The French aren’t too happy at the best of times, but there was an especially palpable sense of rage among the locals at last Sunday’s ‘La Manif Pour Tous’ (The March for Everyone) in Paris. With police expecting around 350,000 attendees (while organisers claimed there were at least 800,000) it was one of the biggest public demonstrations of recent years, causing massive disruption to the city’s infrastructure and drawing a substantial police presence onto the streets.
It was also one of the most embarrassing public spectacles that Parisians young and old had seen for some time. With its booming spiritual rock music, unusually facile placards (“Boy plus girl equals child”) and the occasional outbreak of dancing in the street, ring-a-ring-o’-roses style, it had all the manic, slightly cringe-inducing qualities of an American evangelist’s rally. The only things missing were protesters rolling around on the floor as if possessed by the Holy Spirit, or speaking in tongues.
Anti-gay (or ‘pro-marriage’, as they prefer to be called) protesters swarmed into the capital on a fleet of coaches, trains and cars from all corners of the country. They disembarked in the nearby suburbs and then marched en masse towards the heart of the city, converging under the Eiffel tower. With them they brought carnival vans blaring music from enormous speakers, on top of which young children danced, waving placards.
There were hot-dog and candy floss stands under the tower itself and enormous TV screens mounted around the Champ de Mars, broadcasting the rock concertesque performance of Frigide Barjot, the brains of the whole operation.
Barjot (real name Virginie Tellenne) is a comedian and author of Confessions of a Trendy Catholic. It was her at the forefront of this mass public display of outrage against same-sex marriage, and not a gaggle of religious leaders or right-wing politicians as may have been expected.
Clad in a pink T-shirt, and occasionally belting out her own pop songs such as ‘A Moi L’Amour’ alongside her frequent rallying cry of “man plus woman equals child!”, she is far from the conventional notion of your average gay marriage opponent.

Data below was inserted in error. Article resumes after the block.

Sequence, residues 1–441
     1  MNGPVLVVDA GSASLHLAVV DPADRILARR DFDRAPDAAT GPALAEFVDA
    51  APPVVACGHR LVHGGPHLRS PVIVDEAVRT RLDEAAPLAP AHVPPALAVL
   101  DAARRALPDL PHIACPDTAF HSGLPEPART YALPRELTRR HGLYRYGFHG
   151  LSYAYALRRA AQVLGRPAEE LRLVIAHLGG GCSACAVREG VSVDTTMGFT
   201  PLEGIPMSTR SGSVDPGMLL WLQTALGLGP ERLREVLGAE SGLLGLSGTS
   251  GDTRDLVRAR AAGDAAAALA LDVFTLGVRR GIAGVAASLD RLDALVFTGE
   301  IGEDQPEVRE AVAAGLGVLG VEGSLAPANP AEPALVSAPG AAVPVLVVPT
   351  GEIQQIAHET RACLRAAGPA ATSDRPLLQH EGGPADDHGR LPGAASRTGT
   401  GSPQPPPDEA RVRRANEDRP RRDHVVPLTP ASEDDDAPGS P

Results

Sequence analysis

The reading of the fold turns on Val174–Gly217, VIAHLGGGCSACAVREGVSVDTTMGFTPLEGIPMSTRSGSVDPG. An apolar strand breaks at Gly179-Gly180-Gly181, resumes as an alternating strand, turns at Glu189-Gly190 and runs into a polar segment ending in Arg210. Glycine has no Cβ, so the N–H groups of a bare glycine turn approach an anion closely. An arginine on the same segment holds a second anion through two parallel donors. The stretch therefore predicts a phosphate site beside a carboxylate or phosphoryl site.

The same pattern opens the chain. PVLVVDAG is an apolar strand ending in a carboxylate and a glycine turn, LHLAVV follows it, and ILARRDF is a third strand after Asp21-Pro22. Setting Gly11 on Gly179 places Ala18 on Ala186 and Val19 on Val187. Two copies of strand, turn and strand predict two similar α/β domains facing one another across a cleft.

Indeed, the same could be said of many of those who trudged through the mud and sleet on that cold Sunday morning. With all its food stands, spontaneous dance-offs and a kind of manically contagious glee etched across the faces of participants, the ‘Manif Pour Tous’ was sometimes more reminiscent of the centre of a theme park than a solemn reassertion of the values of traditional marriage.
It also struck me, somewhat reluctantly trudging alongside them later that afternoon, that a vast number of them were in their late teens or early twenties.
They sang, danced, took photos of each other beneath the Eiffel Tower, and painted blue and pink boys and girls (respectively, of course) on their cheeks.
Naturally, many of them were from religious organisations and sometimes showed it, although technically the protesters had been strictly forbidden from demonstrating any political or religious angle to their demonstration. Nonetheless, it was certainly a grand day out for them, reflected clearly in their cheerfulness and smiles – though one wonders if it was the belief they were doing the Good Lord’s work for him that gave such satisfaction.
There were some notable exceptions; BNP leader Nick Griffin was among the throng of marchers and, though he seemed to be thoroughly enjoying himself, one wonders how comfortable French moderates were with having him along for the ride.
Elsewhere, many of the younger children in attendance, who made up a very significant proportion of the marchers, appeared to be no more than four or five years old. Marching silently, or clawing at the flags and placards brandished by their parents, many seemed sullen, not to mention bewildered as to what exactly they were protesting about.
Would-be demonstrators in Paris must register their intent with the city’s authorities in advance, and as no counter-protests were mooted in this fashion, the police had been told to shut down any spontaneous marches.
They were quite happy to do so when a group of eight or nine tried to rush across the Port D’Iéna, chanting “Egalité, Egalité” and thrusting gay pride flags in the faces of homeward-bound demonstrators.
Ultimately it was a rather restrained demonstration, in spite of its numbers and its fanfare, with no notable cases of violence, vandalism or clashing between protestors. Some Parisiens are already comparing it to the colossal education protest of 1984, when roughly 800,00 protestors converged in the city to rail against proposed reforms of private schools.
But it does mark an interesting turn of the screw in one of the most important equality debates of our time: when half a million people marched against Hollande on this issue, he and his party simply marched through them.
It summons a rare impression of confidence and drive in the French President, whose first term has been marred already by a string of gaffes and U-turns. But it also suggests that after a lengthy, fierce and sometimes inscrutable period of debate, France will have its marriage equality bill – whether it likes it or not.